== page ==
Strength as Counterculture

Strength as Counterculture

In a world that wants you to be weak, it is an act of rebellion to be strong.

By now you must be familiar about an emerging phenomenon in North America and many parts of Europe: victim culture.

Victim culture presumes the value of an individual not based on their achievements, expertise or contribution, but by their degree of victimisation.

The value of a person is measured by how much they feel they have been persecuted or oppressed, rather than what they actually have to offer as a human being.

It cannot be emphasised enough how malignant this sort of thinking is.

Why is victim culture dangerous? Because believing you are a victim of circumstance will inescapably make you one. Here’s why:

A fundamental part of being human is our sense of agency, or the belief that we can make our own decisions and act in accordance to our will to influence outcomes in our lives.

The idea of human agency is a fairly contentious philosophical topic outside the scope of this article. If you want to look into this further I suggest you research free will versus determinism.

Victims allow their sense of agency to atrophy because they become engrossed in blaming others for their own lack of achievement. Because some other is responsible for their misfortune, the victim is thereby absolved of any personal responsibility.

They become nothing more than a leaf floating in a stream of circumstance.

A ragged flag waving in whatever direction the wind is blowing.

Now, in a very real sense, our agency is constrained. For example, laws limit our agency by coercing us to not murder our annoying neighbour for interrupting our recovery sleep because they decided to drill holes in the wall at 3AM. You also have no control over the fact you were laid off job because your employer lost 60% of their business due to the pandemic.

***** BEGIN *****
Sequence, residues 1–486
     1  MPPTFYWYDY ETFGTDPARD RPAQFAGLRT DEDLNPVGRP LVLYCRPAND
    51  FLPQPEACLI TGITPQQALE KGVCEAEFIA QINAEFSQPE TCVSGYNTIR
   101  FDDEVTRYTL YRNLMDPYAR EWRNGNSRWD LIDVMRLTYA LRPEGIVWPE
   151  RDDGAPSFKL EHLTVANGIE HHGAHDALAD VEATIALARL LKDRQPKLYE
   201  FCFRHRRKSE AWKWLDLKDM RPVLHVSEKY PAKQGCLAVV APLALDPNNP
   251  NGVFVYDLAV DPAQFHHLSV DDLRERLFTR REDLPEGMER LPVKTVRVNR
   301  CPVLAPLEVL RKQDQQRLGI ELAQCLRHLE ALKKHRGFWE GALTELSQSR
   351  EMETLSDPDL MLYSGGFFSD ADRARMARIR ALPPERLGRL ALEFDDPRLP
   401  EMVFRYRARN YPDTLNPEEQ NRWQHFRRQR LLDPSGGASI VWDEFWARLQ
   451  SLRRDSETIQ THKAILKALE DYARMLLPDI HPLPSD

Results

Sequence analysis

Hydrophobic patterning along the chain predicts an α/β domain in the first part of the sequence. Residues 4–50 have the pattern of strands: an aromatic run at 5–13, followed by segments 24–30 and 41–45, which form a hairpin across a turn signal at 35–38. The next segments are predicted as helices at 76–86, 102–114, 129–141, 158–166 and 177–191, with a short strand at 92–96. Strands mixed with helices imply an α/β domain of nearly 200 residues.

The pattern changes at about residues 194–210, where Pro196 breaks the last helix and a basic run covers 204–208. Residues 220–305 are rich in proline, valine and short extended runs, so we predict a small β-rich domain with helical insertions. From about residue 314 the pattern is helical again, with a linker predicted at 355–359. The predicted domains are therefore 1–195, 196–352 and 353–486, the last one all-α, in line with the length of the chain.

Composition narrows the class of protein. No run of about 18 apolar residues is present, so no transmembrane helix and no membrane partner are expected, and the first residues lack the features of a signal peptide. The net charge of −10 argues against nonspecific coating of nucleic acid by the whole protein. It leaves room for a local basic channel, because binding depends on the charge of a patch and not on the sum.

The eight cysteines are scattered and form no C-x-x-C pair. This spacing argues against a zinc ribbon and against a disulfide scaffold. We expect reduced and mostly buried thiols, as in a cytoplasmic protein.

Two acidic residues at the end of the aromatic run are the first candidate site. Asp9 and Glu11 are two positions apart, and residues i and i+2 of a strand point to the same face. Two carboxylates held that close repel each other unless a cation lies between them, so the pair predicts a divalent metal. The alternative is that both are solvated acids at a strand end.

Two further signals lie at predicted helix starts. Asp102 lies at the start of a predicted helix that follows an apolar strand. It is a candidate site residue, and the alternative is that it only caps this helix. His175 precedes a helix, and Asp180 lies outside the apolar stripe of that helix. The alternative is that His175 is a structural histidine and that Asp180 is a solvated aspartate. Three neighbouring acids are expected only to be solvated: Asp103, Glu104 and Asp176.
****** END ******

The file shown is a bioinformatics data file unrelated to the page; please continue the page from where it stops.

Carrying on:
Moreover, victimisation and oppression in the world is sadly very real.

But allowing yourself to be a victim means you relinquish personal responsibility over yourself, creating a vacuum which external agents will gladly fill for their own benefit. Often under the guise of ‘knowing better’.

So how do you fight victim culture?

First, recognise the victim mentality in yourself. Recognise when you’re allowing yourself to be a victim in a difficult situation and realign to see the opportunities rather than the obstacles.

Weed it out from your social circles by creating accountability. Say a friend is complaining about a hostile coworker. Remind him that he has a personal responsibility to stand up for himself. Remind him that he can either feel victimised, or deal with the situation with whatever options are available to him. Toxic pencil pushers suck—I’ve been there.

Lastly, strength culture is the antidote to victim culture. Strength training is an inner war which requires taking personal responsibility, developing discipline, courage, and being accountable to your coach or training partners. Anyone who has been training long enough knows that these principles naturally tend to spill over into every other facet of life as well.

Cultivate a strength culture with your friends and family, inspire those around you to see the opportunity in adversity. Become strong with them because being strong is an act of rebellion in a world where weakness is the norm.

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